A nuclear disaster
I’m taking a bit of a break from radio. Perhaps it’s because I’m feeling a bit run down or perhaps I’m suffering from radio burnout but at the moment I can’t even be bothered to turn on APRS or WSPR or something that will run even when I’m not there.
I think the events unfolding in Japan may have an influence on my feelings too. We are used to seeing disasters on our TV screens but the scale of this one seems to eclipse anything in living memory. Hobby activity seems frivolous when you consider how the inhabitants of north eastern Japan must be feeling. The floods that hit my own home town seemed devastating at the time and after more than a year many people are still not back in their homes. But by comparison with what has happened in Japan, what happened to us pales into insignificance. It will take many years before life returns to normal for many people there – if it ever can for the tens of thousands who will have lost family members and loved ones in the disaster. My heart goes out to them. It is yet another reminder that the works of man are as nothing compared to the forces of nature.
If the earthquake and tsunami were not bad enough there is also the impending threat of a nuclear disaster. One is eerily reminded of the Chernobyl disaster, the 25th anniversary of which is only just over a month away. Though the nuclear power experts assure us that everything is under control and there is no risk of another Chernobyl, the headlines scrolling across the screen still scream “Meltdown.” This is a disaster that is going to have repercussions across the world, and I’m not talking about the economic shockwaves from such a big blow to the world’s third largest economy though I’m sure we will soon feel them.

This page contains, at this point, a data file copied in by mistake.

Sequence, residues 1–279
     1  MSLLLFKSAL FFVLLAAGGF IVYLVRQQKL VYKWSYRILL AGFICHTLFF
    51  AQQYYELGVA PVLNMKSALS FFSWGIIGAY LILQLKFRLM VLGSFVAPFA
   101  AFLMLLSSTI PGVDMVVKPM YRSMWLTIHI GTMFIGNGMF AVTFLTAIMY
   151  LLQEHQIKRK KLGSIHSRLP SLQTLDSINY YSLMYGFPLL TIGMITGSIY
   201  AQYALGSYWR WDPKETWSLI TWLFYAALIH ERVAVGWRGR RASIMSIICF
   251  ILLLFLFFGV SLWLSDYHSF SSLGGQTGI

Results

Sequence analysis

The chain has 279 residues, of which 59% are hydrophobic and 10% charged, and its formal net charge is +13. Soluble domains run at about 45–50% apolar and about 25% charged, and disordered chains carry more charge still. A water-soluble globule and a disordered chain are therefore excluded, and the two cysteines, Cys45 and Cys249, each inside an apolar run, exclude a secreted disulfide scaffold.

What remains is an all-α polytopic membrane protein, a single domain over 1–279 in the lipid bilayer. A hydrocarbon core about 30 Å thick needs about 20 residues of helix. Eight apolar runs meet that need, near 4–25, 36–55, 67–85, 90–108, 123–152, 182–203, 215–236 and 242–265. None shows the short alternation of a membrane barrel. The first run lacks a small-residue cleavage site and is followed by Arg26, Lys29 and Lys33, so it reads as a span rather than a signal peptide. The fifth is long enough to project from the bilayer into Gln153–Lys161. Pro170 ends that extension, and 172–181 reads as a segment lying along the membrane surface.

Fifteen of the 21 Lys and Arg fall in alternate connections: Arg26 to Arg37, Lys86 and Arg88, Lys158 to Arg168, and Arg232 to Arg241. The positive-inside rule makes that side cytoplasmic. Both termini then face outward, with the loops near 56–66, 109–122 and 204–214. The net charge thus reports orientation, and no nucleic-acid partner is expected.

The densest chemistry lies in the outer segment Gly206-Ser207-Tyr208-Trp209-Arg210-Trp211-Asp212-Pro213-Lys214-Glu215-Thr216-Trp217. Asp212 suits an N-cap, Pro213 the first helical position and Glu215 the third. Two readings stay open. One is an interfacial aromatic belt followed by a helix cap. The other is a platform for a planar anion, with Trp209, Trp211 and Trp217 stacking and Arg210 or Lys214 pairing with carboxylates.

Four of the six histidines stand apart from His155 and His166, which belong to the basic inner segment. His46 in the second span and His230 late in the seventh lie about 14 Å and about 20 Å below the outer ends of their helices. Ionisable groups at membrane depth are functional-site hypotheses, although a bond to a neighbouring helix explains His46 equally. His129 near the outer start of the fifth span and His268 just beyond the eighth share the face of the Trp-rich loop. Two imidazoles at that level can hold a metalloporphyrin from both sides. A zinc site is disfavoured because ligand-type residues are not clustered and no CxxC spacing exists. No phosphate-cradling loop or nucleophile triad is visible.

The Three Mile Island nuclear incident in 1979 halted the development of nuclear power in the USA for thirty years. It is unrealistic to expect that what is happening to the Japanese nuclear plants won’t have an impact on how people here feel about nuclear power. Engineers have and will continue to argue that the Japanese plants were 40 years old, that actually they coped with the effects of this major disaster pretty well, and that the UK is not in an earthquake zone so we would never experience such problems. But for as long as these images are fresh in people’s minds, nobody will want a nuclear power station in their back yard. And in a country as small and crowded as the UK if we are going to have nuclear power someone will have to.
This is a disaster, not just for Japan, but for the entire nuclear industry.
My God bless all of those effected by this catastopy and give the rest of us the strength and resolve to help those who need it.